The only way forward is to strip away the polemics of Islamophobia and the War on Terrorism, and productively use the controversy to reinvent how Birmingham public schools can remain secular, while still allowing room for religious considerations. This can be done in any number of ways. Instead of structuring the school calendar around Christian religious holidays, students can be given an allotment of “religious leave days” that they can allocate as they please. Perhaps school dress code can be reexamined to allow for hijabs, as well as other religious headgear like Sikh turbans. And so on. The point is that there are a lot of challenging questions that can be answered by intelligent policy. The only real problem is that by instituting reforms, local and federal authorities have to first be willing to defend the idea that minorities are a large and permanent part of British life. This will probably bring them into conflict with groups like UKIP, but there are just over 234 000 Muslims in Birmingham, which is about a fifth of its total population. It’s not like they are going to disappear, or stop having social needs.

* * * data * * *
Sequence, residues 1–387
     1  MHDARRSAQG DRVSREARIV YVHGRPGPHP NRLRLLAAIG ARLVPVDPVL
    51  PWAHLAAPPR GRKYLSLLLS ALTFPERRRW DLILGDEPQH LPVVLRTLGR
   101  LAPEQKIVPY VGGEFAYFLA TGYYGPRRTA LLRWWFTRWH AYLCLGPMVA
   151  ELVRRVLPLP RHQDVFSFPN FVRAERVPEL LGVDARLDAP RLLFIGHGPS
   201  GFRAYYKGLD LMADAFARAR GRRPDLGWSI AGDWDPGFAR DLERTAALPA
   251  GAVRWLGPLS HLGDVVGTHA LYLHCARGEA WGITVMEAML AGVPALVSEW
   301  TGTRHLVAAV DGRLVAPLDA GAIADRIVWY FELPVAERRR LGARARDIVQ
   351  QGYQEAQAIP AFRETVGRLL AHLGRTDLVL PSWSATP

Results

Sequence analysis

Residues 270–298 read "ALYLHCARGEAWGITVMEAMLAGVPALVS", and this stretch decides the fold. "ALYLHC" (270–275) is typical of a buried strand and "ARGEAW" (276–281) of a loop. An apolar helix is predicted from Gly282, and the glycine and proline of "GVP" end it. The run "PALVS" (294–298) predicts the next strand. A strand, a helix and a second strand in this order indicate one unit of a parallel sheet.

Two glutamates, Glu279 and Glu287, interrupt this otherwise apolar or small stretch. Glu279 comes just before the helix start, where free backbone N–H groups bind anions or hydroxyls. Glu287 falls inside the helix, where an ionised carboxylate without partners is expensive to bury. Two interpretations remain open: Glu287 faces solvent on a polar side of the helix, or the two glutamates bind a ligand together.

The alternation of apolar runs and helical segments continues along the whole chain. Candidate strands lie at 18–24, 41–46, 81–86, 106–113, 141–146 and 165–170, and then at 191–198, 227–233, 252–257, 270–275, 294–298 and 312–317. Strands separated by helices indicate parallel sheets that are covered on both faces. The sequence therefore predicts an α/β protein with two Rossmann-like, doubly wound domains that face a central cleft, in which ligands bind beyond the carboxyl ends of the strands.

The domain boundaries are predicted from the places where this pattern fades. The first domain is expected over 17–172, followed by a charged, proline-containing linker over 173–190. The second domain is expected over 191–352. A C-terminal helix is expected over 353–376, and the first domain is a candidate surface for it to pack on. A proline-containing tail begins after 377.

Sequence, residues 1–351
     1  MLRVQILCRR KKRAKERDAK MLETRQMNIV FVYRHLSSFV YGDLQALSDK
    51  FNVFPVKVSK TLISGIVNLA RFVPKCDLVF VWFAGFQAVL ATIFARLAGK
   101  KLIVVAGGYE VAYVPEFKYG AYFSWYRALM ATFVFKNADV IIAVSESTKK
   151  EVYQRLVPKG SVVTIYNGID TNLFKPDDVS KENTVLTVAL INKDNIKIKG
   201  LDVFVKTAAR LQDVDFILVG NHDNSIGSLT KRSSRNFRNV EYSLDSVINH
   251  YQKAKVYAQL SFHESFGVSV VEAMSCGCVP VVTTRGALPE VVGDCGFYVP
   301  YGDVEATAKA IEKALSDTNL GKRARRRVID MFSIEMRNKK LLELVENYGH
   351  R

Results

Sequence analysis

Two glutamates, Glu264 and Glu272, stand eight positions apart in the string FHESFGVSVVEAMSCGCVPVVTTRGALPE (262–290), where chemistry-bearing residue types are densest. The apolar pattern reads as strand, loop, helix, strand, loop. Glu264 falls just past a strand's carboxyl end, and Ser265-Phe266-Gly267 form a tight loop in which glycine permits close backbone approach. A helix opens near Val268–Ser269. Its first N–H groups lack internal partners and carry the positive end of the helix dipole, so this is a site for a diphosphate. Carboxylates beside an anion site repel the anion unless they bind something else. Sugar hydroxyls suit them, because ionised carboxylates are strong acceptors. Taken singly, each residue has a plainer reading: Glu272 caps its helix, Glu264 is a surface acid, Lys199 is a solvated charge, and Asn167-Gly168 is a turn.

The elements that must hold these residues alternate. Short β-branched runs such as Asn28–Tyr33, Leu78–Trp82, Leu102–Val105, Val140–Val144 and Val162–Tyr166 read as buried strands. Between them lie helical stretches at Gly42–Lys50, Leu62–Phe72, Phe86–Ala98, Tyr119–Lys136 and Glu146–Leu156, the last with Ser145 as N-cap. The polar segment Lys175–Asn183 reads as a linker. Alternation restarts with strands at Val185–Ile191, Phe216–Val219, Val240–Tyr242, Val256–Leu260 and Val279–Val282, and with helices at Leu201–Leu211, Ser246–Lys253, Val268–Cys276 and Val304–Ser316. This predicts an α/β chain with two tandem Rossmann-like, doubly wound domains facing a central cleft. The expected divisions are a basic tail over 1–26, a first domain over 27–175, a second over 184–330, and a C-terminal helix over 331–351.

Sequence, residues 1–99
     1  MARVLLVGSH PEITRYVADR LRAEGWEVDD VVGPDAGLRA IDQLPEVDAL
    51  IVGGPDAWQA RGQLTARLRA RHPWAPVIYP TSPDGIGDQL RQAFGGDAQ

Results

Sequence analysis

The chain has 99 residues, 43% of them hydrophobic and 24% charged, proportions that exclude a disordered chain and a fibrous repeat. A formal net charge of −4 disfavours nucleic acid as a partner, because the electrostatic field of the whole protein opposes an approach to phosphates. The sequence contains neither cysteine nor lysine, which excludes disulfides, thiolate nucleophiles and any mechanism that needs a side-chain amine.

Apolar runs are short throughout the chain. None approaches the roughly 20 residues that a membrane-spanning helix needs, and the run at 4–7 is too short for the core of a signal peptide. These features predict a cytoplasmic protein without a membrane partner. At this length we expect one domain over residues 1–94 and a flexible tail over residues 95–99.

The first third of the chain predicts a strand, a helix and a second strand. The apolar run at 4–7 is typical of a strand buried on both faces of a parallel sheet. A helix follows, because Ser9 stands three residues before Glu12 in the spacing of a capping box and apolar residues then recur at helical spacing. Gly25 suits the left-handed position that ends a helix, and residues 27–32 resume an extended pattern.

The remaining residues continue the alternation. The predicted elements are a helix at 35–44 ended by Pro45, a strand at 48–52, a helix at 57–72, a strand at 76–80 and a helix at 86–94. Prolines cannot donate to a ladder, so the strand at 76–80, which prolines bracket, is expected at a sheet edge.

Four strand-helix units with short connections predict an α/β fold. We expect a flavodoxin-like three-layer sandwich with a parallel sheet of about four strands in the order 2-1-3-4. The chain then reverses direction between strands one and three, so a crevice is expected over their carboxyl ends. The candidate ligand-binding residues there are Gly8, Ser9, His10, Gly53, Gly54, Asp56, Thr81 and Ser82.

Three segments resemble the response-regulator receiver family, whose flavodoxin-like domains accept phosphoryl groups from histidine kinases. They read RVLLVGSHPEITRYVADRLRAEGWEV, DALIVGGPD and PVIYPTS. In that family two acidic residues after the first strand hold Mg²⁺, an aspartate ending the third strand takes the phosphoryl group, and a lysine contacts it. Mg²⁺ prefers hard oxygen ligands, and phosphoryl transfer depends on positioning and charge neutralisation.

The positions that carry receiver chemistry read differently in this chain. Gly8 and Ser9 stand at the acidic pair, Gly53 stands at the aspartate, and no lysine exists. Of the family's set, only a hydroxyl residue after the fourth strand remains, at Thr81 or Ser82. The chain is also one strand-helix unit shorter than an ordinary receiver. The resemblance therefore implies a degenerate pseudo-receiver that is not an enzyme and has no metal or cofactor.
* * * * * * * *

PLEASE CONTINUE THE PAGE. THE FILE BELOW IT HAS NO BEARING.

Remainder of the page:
Photographs courtesy of reway2007 and Dick Jones. Published under a Creative Commons License.